What exactly do the values in “Composite Distance table” represent? It sounds to me like the actual distances you need to use for the model are “200m, 500m, or even 1km away”, not those same values added to whatever’s in the Composite Distance table.

~ Stacie

Hi Stacie,

The composite table contains the distances obtained from various sources (literature and experts) for each land cover in the area. What I did was average these distances based on the opinions of experts, resulting in the parameter for the maximum distance.

My question is, for example, if the maximum distance for the mining threat is 3 km or deforestation is 4 km; could we use a buffer of 1 km in the model, considering a scenario of maximum expansion in the worst case? Would that be necessary?

Additionally, I have a concern regarding the calculation of the weight parameter . I have obtained it using the AHP methodology, as recommended and used in several related studies.

However, in my case, some people mentioned that completing the AHP matrix can be tedious, so they are reluctant to fill it out or even review it.

I assume there would be no restriction in using other less “complex” but valid methods that provide similar results, correct?

Thanks so much again.

Best,
Diego

Hi Diego,

I work with Stacy at NatCap and i am the science lead for that model. I got a chance to read your threads and based on what you are trying to do.

Given the variability in the spatial impact of the stressors for each habitat that you could do a sensitivity analysis instead of averaging them. For instance, you have a very conservative model where you use the lowest distances and a more extreme scenario where you use the highest distance values you gathered from the literature. Then look at how that habitat quality maps vary spatially. It might help determine some areas where more investigation may be needed. *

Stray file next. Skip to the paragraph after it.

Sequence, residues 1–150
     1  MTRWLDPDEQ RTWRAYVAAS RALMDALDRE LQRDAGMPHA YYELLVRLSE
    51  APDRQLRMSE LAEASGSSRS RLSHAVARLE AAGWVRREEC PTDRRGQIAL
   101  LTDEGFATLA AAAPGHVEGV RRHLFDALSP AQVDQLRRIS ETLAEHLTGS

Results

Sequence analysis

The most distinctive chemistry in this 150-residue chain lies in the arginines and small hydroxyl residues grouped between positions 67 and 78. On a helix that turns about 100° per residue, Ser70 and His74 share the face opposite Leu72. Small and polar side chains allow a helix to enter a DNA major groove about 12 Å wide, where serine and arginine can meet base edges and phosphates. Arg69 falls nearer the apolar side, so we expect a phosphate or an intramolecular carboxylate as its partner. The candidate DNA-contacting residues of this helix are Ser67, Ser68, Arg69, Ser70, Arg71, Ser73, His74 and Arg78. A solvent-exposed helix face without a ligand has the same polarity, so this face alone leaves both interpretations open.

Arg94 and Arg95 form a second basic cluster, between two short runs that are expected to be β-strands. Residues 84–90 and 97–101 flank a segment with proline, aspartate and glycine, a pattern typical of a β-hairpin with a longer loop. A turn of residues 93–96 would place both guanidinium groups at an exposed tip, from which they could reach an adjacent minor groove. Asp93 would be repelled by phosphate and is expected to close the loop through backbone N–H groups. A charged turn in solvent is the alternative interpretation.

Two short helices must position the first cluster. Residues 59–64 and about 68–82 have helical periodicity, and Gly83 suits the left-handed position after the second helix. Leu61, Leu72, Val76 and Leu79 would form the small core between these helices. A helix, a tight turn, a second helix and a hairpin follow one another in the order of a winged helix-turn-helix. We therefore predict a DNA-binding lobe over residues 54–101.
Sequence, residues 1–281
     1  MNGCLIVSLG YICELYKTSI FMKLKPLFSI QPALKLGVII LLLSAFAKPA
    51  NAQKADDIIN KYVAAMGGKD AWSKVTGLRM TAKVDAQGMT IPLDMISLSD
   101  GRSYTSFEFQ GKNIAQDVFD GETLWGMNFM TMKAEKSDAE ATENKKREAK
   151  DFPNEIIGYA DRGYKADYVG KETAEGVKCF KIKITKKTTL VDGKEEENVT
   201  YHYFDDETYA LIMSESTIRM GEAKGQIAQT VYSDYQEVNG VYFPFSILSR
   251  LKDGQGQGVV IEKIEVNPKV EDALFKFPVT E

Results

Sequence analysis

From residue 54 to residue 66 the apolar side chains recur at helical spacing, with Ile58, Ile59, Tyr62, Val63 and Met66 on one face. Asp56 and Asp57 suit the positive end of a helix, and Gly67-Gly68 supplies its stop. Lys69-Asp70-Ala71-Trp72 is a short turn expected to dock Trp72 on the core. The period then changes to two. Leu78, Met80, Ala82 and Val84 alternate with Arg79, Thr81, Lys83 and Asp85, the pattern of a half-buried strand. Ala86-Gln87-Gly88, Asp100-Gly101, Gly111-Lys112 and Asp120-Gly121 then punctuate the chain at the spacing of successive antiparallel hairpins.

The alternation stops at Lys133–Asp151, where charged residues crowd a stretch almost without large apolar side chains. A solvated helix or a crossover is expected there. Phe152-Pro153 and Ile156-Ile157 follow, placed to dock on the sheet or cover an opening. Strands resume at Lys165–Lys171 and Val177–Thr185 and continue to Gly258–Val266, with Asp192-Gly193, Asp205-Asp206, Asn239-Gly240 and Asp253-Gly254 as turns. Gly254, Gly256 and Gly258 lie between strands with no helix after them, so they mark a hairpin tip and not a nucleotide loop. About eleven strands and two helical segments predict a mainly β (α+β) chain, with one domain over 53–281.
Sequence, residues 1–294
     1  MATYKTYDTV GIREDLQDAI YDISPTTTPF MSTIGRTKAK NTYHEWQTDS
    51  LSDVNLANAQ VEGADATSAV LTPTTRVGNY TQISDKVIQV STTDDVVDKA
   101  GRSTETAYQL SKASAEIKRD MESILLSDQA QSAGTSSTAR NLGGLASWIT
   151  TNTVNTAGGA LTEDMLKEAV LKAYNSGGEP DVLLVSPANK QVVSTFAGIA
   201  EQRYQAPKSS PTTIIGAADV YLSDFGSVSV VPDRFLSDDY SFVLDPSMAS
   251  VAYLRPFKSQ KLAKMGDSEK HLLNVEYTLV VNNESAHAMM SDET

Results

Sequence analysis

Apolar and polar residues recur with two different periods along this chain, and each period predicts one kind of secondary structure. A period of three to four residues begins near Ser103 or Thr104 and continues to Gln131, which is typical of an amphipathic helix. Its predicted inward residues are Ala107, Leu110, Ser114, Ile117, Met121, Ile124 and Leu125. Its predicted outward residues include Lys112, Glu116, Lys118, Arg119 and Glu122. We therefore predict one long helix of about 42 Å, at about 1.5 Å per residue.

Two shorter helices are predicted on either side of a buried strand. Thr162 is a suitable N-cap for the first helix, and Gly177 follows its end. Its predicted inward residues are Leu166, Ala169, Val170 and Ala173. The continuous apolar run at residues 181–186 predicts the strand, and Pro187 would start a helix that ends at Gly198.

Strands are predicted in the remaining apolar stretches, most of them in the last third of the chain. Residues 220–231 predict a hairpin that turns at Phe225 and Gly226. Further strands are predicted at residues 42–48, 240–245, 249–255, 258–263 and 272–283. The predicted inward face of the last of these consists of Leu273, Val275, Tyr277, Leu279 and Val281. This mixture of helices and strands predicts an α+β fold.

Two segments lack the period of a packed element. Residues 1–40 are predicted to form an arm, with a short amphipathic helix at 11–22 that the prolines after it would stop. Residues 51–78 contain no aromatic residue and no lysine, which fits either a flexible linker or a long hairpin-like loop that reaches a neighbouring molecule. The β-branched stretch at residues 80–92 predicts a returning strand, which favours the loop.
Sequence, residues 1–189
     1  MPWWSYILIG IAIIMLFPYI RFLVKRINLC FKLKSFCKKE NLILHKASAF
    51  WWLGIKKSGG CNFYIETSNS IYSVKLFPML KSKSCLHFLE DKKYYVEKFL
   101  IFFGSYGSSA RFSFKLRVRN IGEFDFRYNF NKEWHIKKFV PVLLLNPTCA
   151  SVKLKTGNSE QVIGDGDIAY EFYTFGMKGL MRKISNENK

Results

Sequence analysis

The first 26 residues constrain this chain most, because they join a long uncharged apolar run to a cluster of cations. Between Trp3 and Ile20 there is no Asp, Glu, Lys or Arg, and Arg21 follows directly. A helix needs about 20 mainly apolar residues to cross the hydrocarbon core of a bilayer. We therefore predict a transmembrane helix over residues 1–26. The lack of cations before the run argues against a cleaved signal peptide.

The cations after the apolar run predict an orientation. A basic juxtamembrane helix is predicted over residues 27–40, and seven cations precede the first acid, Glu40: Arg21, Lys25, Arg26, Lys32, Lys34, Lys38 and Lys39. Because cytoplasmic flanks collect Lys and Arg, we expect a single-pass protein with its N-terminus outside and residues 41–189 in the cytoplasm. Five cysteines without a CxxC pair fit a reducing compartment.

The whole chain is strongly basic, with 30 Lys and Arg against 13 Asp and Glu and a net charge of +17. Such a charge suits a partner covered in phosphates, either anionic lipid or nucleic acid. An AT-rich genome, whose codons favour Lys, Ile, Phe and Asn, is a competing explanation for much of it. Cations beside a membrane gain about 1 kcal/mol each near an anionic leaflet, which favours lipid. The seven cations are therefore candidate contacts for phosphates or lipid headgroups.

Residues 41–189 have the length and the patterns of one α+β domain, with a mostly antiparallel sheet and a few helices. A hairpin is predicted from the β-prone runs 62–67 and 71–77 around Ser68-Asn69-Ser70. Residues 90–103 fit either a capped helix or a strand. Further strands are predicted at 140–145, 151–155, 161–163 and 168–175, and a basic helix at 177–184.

I would also play with the sensitivity of that habitats to these threats, as some of them may be impacted over a smaller footprint but very sensitive to these human activities. This would get at how the habitat respond ecologically to the threat rather than the spatial dimension of where human activities impact habitats.

Ultimately it depends on what is the question you are trying to answer and designing your modeling approach accordingly and where uncertainty lies… doing some sensitivity testing.

I hope this helps.

I think I was confusing myself a bit, so I would like to show you with an example if I have grasped your ideas. I hope so.

Let’s take as an example, in the following tables:

Here are my first 2 questions:

1. For example, that value of 0.4 in illegal settlements has been averaged (obtained by AHP methodology) by data provided by various experts or available literature.

2. In my case, not all actors want to fill in an AHP matrix, so I was asking if, for example, using a direct rating scale, which can also be averaged and normalized, or another less complex method, can be used in this case.

In the following table:

Continuing with the example of the threat of illegal settlements:

1. The WEIGHT data, 0.37 is the average of the complete data from the above table, the sensitivity table, right?.

Because the supplementary material of some papers it is mentioned that it was obtained in this way, but when reviewing some tables, the data do not match at all.

1. Regarding the MAX_DIST data in this case, as they also come from several sources, that is why I have averaged them, according to what is mentioned in the literature, but considering your explanation, I would like to know if I could do the following:

Thank you very much for your help in this part and if I could contact you maybe to ask you to be a co-author of this study it would be great.

Best regards

Diego

Hi Diego,

To answer your first question: Yes you can use a direct rating scale, which can also be averaged and normalized, or another less complex method if you have one on deck.

re max distance: Your proposed approach makes sense. Thank you for breaking down the steps clearly. I suggest you test both approaches to see how the results differ or not. It is always a good practice that way you will know what is the impact of doing one vs the other and you can even explain that in your paper or to the reviewers if one comes back to you asking you about a simpler (option 2) vs more complex (option 1) approach.

thank you for inviting me as a co author but it wont be necessary. I just answered a couple of questions that you have… so not a significant contribution.

Warmly